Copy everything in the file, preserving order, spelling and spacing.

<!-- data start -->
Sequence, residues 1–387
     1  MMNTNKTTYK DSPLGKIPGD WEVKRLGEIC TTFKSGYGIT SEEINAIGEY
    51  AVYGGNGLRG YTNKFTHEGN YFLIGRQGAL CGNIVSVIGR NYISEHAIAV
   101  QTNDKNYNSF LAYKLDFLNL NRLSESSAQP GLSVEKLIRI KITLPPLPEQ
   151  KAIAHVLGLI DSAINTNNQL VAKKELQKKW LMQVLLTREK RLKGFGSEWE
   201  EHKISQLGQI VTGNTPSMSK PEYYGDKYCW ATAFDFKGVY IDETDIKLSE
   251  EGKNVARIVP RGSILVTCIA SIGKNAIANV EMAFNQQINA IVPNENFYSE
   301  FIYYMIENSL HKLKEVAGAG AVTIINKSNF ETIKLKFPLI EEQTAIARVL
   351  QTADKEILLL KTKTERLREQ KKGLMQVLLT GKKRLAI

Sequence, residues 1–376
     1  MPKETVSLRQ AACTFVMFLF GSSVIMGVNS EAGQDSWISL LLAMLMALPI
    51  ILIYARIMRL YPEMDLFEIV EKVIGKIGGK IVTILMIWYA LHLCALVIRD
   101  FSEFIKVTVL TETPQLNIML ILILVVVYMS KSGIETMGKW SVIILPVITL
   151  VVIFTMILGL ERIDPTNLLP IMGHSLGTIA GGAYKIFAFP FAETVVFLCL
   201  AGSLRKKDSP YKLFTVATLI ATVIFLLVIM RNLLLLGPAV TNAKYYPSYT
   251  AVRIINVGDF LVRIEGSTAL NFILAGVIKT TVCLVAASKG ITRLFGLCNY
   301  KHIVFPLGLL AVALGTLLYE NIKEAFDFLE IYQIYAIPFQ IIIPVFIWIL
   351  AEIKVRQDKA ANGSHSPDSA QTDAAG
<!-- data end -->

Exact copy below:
Sequence, residues 1–387
     1  MMNTNKTTYK DSPLGKIPGD WEVKRLGEIC TTFKSGYGIT SEEINAIGEY
    51  AVYGGNGLRG YTNKFTHEGN YFLIGRQGAL CGNIVSVIGR NYISEHAIAV
   101  QTNDKNYNSF LAYKLDFLNL NRLSESSAQP GLSVEKLIRI KITLPPLPEQ
   151  KAIAHVLGLI DSAINTNNQL VAKKELQKKW LMQVLLTREK RLKGFGSEWE
   201  EHKISQLGQI VTGNTPSMSK PEYYGDKYCW ATAFDFKGVY IDETDIKLSE
   251  EGKNVARIVP RGSILVTCIA SIGKNAIANV EMAFNQQINA IVPNENFYSE
   301  FIYYMIENSL HKLKEVAGAG AVTIINKSNF ETIKLKFPLI EEQTAIARVL
   351  QTADKEILLL KTKTERLREQ KKGLMQVLLT GKKRLAI

Sequence, residues 1–376
     1  MPKETVSLRQ AACTFVMFLF GSSVIMGVNS EAGQDSWISL LLAMLMALPI
    51  ILIYARIMRL YPEMDLFEIV EKVIGKIGGK IVTILMIWYA LHLCALVIRD
   101  FSEFIKVTVL TETPQLNIML ILILVVVYMS KSGIETMGKW SVIILPVITL
   151  VVIFTMILGL ERIDPTNLLP IMGHSLGTIA GGAYKIFAFP FAETVVFLCL
   201  AGSLRKKDSP YKLFTVATLI ATVIFLLVIM RNLLLLGPAV TNAKYYPSYT
   251  AVRIINVGDF LVRIEGSTAL NFILAGVIKT TVCLVAASKG ITRLFGLCNY
   301  KHIVFPLGLL AVALGTLLYE NIKEAFDFLE IYQIYAIPFQ IIIPVFIWIL
   351  AEIKVRQDKA ANGSHSPDSA QTDAAG